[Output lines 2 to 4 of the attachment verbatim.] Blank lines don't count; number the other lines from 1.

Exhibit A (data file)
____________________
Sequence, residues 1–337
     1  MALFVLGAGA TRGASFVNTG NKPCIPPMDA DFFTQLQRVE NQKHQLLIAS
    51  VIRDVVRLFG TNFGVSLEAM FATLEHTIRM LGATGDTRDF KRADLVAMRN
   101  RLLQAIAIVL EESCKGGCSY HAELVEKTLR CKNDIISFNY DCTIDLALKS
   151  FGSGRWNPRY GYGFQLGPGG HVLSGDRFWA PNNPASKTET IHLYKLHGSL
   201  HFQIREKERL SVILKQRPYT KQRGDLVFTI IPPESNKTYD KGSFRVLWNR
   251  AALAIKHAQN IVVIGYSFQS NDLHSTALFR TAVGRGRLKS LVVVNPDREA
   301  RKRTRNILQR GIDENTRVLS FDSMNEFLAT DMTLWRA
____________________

     1  MALFVLGAGA TRGASFVNTG NKPCIPPMDA DFFTQLQRVE NQKHQLLIAS
    51  VIRDVVRLFG TNFGVSLEAM FATLEHTIRM LGATGDTRDF KRADLVAMRN
   101  RLLQAIAIVL EESCKGGCSY HAELVEKTLR CKNDIISFNY DCTIDLALKS